- The Washington Times - Wednesday, November 1, 2000

Today is the 200th anniversary of a president, John Adams, arriving in Washington to become the first resident of the executive mansion or White House, as it would be called eventually. It was a momentous occasion at the time but mostly for its negative, even punitive overtones. For the nation's capital in November 1800 was nothing for a congressman to write home about.

"I do not perceive," wrote Treasury Secretary Oliver Wolcutt to his wife, "how the members of Congress can possibly secure lodgings, unless they consent to live like scholars in a college, or monks in a monastery, crowded 10 or 20 in one house, and utterly secluded from society… .

"There are, in fact, but few houses in any one place, and most of them small, miserable huts, which present an awful contrast to the public buildings. The people are poor, and, as far as I can judge, they live like fishes, by eating each other."

President Adams was only a bit more complimentary in his view of the new city. On a visit in early June, he didn't have the heart to write his beloved Abigail about the true state of the president's house, where they would reside in a few months. "You will form the best idea of it from inspection," he wrote Abigail instead. Indeed, the White House was unfinished without staircases, fences, yard or a supply of firewood and would remain so for some time. The audience or East Room was a shell without windows and would be used by Abigail as a drying room for clothes.

Washington was a wilderness town in November 1800. Only the north wing of the Capitol Building was completed, and Capitol Hill was conspicuous for its lack of amenities. There were only a few boarding houses, a tailor shop, one shoemaker store, a grocery, a stationery shop, a dry goods business, and an oyster house. Foreign diplomats who were used to much more refined surroundings were appalled. "My God," exclaimed a French minister. "What have I done to be condemned to reside in such a city."

Between the Capitol and president's house not one house intervened "or can intervene without devoting its wretched tenant to perpetual fevers" as a result of the swamplike conditions. Even the area from the president's house to Georgetown was univiting, according to John Cotton Smith, a representative from Connecticut. There was "a block of houses [that] had been erected, which bore the name of the Six Buildings. There were also two other blocks, consisting of two or three dwelling houses, in different directions, and now and then an isolated wooden habitation; the intervening spaces, and, indeed, the surface of the city generally, being covered with scrub-oak bushes on the higher grounds, and on the marshy soil either trees or some sort of shrubbery."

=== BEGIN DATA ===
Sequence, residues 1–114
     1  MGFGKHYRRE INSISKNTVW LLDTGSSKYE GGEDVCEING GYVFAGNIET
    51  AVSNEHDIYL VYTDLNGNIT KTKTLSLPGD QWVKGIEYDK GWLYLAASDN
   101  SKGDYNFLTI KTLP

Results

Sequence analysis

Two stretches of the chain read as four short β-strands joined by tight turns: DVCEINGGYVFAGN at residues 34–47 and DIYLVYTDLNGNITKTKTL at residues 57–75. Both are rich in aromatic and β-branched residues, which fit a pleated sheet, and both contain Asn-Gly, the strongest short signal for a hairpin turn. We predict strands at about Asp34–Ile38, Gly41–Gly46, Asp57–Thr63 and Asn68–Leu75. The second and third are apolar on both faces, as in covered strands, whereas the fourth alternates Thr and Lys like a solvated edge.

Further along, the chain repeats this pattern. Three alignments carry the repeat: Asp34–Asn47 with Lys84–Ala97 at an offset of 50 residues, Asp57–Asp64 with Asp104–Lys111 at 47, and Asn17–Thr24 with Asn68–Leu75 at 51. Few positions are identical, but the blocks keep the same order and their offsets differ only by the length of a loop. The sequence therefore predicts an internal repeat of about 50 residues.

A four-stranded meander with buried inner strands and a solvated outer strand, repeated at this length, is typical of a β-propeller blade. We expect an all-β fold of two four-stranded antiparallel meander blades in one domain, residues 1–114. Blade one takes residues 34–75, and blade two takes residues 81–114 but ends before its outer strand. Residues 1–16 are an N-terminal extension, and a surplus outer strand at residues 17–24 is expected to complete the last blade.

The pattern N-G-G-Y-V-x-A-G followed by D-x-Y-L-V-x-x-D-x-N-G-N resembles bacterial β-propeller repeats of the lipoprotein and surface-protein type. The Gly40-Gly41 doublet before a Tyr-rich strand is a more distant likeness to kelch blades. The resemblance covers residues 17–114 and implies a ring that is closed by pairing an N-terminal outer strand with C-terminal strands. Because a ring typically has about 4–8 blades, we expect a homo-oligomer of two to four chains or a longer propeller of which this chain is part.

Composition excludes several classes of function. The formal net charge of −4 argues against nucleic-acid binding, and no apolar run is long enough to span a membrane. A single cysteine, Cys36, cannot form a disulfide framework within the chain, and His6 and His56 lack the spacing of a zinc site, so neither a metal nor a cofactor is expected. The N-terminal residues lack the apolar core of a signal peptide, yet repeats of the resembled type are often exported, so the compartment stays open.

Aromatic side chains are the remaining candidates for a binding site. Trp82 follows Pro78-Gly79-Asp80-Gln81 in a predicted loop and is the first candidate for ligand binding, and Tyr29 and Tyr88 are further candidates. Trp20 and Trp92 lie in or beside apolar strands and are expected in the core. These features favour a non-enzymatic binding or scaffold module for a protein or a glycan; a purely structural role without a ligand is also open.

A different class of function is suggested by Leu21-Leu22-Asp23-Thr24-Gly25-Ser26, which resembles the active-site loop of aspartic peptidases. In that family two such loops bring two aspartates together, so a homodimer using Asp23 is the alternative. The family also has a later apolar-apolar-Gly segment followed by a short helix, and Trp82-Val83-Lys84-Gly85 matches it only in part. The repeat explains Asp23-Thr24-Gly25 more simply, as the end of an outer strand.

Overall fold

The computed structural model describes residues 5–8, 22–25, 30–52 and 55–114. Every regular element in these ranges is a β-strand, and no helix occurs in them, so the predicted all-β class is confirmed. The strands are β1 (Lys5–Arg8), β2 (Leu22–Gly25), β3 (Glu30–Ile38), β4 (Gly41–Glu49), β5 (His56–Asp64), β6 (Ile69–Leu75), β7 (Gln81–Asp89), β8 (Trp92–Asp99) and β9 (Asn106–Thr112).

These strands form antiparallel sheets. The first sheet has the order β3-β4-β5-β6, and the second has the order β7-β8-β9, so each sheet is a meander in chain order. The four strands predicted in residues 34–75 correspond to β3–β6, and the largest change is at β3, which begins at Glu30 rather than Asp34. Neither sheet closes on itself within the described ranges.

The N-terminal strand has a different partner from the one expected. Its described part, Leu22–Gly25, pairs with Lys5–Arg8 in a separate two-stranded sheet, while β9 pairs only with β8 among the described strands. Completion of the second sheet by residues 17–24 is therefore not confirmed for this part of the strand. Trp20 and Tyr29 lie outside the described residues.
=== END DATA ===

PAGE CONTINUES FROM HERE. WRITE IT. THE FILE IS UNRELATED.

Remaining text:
Abigail Adams' experience in finding the route to Washington illustrated that the nation's capital was scarcely a place on the map. "I arrived here on Sunday last," she wrote her daughter at the end of November 1800, "and without meeting any accident worth noticing, except losing ourselves when we left Baltimore, and going eight or nine miles on the Frederick Road, by which means we were obliged to go the other eight through the woods, where we wandered for two hours, without finding a guide or the path… . In the city there are buildings enough, if they were compact and finished, to accommodate Congress and those attached to it, but as they are, and scattered as they are, I see no great comfort in them."

To be sure, Washingtonians didn't view the city in such dire terms. In fact, they were absolutely convinced the town on the Potomac would soon be a capital city. "There appears to be a confident expectation," observed Secretary Wolcutt, "that the place will soon exceed any on the world… .

"[O]ne of the commissioners spoke of a population of 160,000 as a matter of course in a few years. No stranger can be here a day and converse with the proprietors, without conceiving himself in the company of crazy people."

Thomas V. DiBacco is professor emeritus at American University.

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